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News Corp. has apologized to three victims of phone hacking, almost a decade after the height of a scandal that shook the company -- and U.K. journalism -- to its core.

Attorneys for News Group Newspapers, a subsidiary of News Corp., read apologies in a London court to three people who claimed their phones were hacked by the News of the World, once the U.K.’s largest newspaper, as well as the company’s Sun tabloid.

The national scandal peaked in 2011 amid revelations that the News of the World routinely listened in on private phone messages to break stories on celebrity gossip and other news. The resulting furor led to the shuttering of the newspaper as well as the collapse of News Corp.’s plans to acquire Sky Plc.

The claims filed by actors Mark Womack and Antony Dunn, and Natalka Znak, a television producer, were part of a new wave of phone-hacking lawsuits filed against both News Corp. and Reach Plc’s Daily Mirror.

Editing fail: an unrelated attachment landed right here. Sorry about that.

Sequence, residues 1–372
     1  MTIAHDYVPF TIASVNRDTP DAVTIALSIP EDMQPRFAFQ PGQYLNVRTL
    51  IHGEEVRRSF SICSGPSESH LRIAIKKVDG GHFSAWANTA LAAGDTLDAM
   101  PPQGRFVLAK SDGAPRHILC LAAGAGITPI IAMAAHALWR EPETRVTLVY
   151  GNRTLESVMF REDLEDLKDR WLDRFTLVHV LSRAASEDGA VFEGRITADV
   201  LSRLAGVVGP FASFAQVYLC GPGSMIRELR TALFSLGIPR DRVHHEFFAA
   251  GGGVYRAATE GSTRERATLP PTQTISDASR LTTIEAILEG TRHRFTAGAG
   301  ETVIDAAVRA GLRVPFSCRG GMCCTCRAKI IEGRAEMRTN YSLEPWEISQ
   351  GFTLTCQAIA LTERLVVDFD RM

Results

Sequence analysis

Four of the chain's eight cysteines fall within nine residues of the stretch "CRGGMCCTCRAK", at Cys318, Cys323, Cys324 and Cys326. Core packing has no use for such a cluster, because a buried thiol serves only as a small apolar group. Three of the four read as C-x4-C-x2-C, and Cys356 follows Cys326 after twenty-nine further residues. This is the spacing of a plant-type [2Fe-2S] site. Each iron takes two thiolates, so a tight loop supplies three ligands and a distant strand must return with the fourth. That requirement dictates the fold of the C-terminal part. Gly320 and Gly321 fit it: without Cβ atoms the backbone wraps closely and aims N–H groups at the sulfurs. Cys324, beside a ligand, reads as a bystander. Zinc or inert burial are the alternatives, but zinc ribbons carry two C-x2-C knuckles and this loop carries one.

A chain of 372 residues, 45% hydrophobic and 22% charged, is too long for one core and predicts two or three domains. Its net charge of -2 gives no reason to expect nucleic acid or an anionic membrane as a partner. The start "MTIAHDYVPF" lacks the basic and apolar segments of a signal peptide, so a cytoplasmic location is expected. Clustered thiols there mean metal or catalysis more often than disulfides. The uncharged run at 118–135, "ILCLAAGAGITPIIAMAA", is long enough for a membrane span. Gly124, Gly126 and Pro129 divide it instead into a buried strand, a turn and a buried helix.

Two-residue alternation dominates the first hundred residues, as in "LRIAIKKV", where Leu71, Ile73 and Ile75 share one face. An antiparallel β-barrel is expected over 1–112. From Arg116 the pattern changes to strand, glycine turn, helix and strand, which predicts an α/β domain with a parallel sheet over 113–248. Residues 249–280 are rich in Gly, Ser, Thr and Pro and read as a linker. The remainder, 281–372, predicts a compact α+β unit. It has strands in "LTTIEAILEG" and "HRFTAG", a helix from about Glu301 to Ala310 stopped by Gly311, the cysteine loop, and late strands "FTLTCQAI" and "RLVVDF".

An attorney for News Group said that the activity “should never have taken place” and that it had “no right to intrude” into the private lives of the defendants.

The apologies were part of settlements made in August that included significant cash settlements and the paying of their legal costs. News Corp. admitted no liability as part of the apology.

To contact the reporter on this story: Eddie Spence in London at espence11@bloomberg.net

To contact the editors responsible for this story: Anthony Aarons at aaarons@bloomberg.net, Christopher Elser

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